A long time ago, in a conference room far, far away, our Quality Engineering team got together for an offsite meeting, a chance to get away from the hustle and bustle of our day-to-day projects. A chance to step back and think about what is important and perhaps think of new ways to improve our quality. This day led to the Customer-Driven Quality framework.
The first exercise as a team was to define quality. We brainstormed in separate teams, filling dozens of yellow sticky notes. Then, as a group we reviewed all of the ideas, grouped similar items into themes, and started pulling together a comprehensive definition.
We ended up with a large pile of definitions; each one seemed valid by itself. One pile was around meeting a number of “Quality Attributes,” another pile all about following processes and meeting criteria. Another pile was all about defects (more precisely, the lack of defects). And on and on. At the end of the exercise, we had 37 different quality attributes.
The next question, how does this definition help us build better software? Where should we focus our efforts? Some of the definition parts must be more important than others, but which of the 37 quality attributes were part of the vital few? Did we truly have a workable definition, one that would guide us? Well, in asking these questions, we kept coming around to the pile that was all about customers. Some of the ideas were “increased customer satisfaction,” “lack of customer support calls,” and “high net-promoter.”
One slip had written on it, “Customers Define Quality.” The reaction was yes, this is obvious, but not too helpful. It has that feeling like “I know it when I see it.” It may be true, that our customers will be the ultimate judge of quality, but we only know after they accept it, after the project is complete. That is too late. We needed a definition that helps guide our efforts before, during, and after the project.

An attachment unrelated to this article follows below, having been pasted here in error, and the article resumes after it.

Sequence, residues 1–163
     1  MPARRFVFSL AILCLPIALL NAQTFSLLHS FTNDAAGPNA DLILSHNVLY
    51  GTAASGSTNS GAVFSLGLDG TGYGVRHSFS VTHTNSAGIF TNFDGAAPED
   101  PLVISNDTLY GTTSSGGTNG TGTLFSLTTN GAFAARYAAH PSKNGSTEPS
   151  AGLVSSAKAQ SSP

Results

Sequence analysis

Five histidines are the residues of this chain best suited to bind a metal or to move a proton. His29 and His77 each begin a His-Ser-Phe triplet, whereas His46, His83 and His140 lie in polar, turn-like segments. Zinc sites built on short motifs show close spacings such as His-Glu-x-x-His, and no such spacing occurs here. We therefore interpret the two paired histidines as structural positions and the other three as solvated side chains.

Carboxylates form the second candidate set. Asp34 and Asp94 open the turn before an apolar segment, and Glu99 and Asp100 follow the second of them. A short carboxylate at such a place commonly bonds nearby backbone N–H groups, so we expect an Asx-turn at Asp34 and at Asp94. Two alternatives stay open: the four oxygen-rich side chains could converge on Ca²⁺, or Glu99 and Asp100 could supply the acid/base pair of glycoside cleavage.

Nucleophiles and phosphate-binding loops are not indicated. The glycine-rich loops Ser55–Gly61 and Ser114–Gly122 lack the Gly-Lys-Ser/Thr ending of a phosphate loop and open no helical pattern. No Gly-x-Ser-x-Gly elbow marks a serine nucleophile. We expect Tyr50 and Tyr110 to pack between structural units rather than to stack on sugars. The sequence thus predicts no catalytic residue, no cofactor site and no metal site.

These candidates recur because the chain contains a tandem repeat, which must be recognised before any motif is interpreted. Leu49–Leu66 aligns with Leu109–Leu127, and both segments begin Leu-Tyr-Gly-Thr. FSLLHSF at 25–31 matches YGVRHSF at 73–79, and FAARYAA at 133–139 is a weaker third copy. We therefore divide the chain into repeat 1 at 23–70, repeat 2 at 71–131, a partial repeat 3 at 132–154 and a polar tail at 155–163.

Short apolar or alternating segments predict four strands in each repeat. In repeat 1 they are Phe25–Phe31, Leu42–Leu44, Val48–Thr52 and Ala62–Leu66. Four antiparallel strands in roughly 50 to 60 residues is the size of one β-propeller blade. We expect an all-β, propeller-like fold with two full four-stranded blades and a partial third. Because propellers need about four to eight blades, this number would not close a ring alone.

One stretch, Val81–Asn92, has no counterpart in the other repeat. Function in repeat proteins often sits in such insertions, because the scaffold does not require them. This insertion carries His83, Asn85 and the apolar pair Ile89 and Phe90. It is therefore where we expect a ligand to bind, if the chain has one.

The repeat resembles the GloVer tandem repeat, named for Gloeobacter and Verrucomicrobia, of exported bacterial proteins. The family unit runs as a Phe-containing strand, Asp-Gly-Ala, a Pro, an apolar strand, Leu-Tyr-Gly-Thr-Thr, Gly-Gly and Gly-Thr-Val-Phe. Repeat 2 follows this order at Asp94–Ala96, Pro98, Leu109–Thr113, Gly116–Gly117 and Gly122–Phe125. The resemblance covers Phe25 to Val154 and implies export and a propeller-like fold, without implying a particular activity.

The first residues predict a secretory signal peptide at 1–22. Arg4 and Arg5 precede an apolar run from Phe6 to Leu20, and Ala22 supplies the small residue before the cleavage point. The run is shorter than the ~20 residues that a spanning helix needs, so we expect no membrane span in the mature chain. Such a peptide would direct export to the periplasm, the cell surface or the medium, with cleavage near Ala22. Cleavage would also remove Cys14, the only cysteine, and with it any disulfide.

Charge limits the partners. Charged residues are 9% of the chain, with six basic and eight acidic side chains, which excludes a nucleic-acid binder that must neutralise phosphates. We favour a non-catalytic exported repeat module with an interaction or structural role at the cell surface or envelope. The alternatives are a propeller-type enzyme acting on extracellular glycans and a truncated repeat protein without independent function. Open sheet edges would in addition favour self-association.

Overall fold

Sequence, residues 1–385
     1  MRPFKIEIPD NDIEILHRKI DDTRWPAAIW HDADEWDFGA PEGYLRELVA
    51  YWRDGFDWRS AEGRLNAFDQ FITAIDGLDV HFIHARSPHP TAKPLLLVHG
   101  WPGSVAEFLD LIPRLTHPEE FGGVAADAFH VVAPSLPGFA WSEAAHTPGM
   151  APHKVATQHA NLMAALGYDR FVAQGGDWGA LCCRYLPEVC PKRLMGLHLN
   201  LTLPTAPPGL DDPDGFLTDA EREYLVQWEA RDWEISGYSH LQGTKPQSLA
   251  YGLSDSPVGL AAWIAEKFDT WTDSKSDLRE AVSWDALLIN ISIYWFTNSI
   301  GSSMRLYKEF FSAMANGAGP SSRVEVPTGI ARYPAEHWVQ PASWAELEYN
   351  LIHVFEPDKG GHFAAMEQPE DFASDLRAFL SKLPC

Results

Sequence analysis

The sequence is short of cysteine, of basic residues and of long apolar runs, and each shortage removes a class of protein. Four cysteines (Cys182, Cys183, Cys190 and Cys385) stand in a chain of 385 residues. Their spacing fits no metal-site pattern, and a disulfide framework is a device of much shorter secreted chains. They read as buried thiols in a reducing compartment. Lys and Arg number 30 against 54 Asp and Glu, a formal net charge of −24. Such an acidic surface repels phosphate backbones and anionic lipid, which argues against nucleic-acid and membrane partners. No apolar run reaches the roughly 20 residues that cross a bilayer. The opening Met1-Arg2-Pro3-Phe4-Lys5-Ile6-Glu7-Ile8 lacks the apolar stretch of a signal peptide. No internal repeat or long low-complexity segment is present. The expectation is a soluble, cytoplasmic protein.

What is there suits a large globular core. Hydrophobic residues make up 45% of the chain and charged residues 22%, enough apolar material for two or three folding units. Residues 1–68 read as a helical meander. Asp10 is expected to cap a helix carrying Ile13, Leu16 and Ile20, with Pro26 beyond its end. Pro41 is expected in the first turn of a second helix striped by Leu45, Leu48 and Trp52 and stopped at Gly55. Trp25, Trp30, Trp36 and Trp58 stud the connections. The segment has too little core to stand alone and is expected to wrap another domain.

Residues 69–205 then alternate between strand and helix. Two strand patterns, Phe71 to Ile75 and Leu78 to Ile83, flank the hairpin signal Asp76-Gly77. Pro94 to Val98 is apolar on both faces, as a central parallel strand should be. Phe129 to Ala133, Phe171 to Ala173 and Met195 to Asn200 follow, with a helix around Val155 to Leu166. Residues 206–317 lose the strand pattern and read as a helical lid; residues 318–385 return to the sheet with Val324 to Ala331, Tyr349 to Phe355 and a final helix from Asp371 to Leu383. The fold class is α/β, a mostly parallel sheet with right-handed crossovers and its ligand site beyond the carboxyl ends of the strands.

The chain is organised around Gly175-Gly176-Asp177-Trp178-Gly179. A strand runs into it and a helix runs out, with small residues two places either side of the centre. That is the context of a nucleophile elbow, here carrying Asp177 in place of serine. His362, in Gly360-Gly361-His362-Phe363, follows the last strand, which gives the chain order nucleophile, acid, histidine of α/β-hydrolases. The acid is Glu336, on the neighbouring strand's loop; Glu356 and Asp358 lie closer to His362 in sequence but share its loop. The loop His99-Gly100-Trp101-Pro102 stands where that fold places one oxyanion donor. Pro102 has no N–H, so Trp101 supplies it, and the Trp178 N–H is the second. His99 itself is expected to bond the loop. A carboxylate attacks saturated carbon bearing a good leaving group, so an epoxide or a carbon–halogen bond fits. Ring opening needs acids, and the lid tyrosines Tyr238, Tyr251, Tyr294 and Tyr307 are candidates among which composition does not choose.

However, by thinking “how can we include our customer in each stage of the life-cycle to improve quality,” we end up with a number of customer centric practices. We call these practices Customer-Driven Quality.
Customer-Driven Quality – The Framework
Customer-Driven Quality is a set of practices for developing software to ensure that customer’s expectations are met or exceeded.
Customers are, naturally, at the center of the framework. Everything we do in this methodology is about building the right software for our customers. Surrounding the customers is the iterative software development life-cycle: Define -> Build -> Test -> Support. Traditionally, the definition and support phases of the life-cycle involve (or should involve) customers. Customer-Driven Development involves customer interactions throughout.
Surrounding the development life-cycle, several practices help the organization prepare for developing software. Before you can build software for your customers, you need to learn about your customers, your developers need to build empathy for your customers, your organization must focus on customer-driven development, and directly engaging with customers removes communication filters and inefficiencies.
Practices for Customer-Driven Quality
The practices for Customer Driven Quality are described in the following posts:
- Preparing for Customer-Driven Quality – Values, Principles, and goals: get your whole team aligned for delivering high quality for your customers
- Tools for implementing Customer-Driven Quality – Tools to help you engage with and learn about customers
- Build Customer Empathy in your Software Development & Test Teams – Walk a mile in customer’s shoes to better understand thier needs
- Engaging with Customers – Communicate directly with customers
- Customer-Driven Software Development Life-cycle – Overview of the life-cycle section
- Product Definition – Test your ideas early with customers
- Build in Quality – Customer-centric development practices
- Customer-Driven Testing – 6 practices to enhance your software testing to satisfy customers
- Test Customer Behavior – not their stated intent.
- Your Customers are Talking About You – are you listening?
- Improve your testing after release – Staying engaged during the support phase
I’ve been using many of these Customer-Driven Quality practices to focus on what is truly important, delivering the quality that our customers deserve and expect.
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